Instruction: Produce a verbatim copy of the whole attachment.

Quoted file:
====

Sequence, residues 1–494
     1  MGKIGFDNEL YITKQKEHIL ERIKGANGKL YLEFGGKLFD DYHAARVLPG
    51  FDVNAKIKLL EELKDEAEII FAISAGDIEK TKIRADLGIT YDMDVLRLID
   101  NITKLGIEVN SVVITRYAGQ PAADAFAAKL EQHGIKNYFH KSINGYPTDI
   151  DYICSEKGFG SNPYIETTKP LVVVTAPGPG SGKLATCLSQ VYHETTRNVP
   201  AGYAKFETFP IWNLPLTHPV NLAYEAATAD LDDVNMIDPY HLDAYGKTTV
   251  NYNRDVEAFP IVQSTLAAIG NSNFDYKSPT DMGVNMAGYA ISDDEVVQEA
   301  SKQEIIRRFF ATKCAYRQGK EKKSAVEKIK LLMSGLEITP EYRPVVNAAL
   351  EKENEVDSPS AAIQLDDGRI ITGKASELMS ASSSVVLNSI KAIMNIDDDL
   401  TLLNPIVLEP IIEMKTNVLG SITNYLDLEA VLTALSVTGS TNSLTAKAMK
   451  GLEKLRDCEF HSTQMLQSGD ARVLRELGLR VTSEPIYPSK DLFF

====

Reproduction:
Sequence, residues 1–494
     1  MGKIGFDNEL YITKQKEHIL ERIKGANGKL YLEFGGKLFD DYHAARVLPG
    51  FDVNAKIKLL EELKDEAEII FAISAGDIEK TKIRADLGIT YDMDVLRLID
   101  NITKLGIEVN SVVITRYAGQ PAADAFAAKL EQHGIKNYFH KSINGYPTDI
   151  DYICSEKGFG SNPYIETTKP LVVVTAPGPG SGKLATCLSQ VYHETTRNVP
   201  AGYAKFETFP IWNLPLTHPV NLAYEAATAD LDDVNMIDPY HLDAYGKTTV
   251  NYNRDVEAFP IVQSTLAAIG NSNFDYKSPT DMGVNMAGYA ISDDEVVQEA
   301  SKQEIIRRFF ATKCAYRQGK EKKSAVEKIK LLMSGLEITP EYRPVVNAAL
   351  EKENEVDSPS AAIQLDDGRI ITGKASELMS ASSSVVLNSI KAIMNIDDDL
   401  TLLNPIVLEP IIEMKTNVLG SITNYLDLEA VLTALSVTGS TNSLTAKAMK
   451  GLEKLRDCEF HSTQMLQSGD ARVLRELGLR VTSEPIYPSK DLFF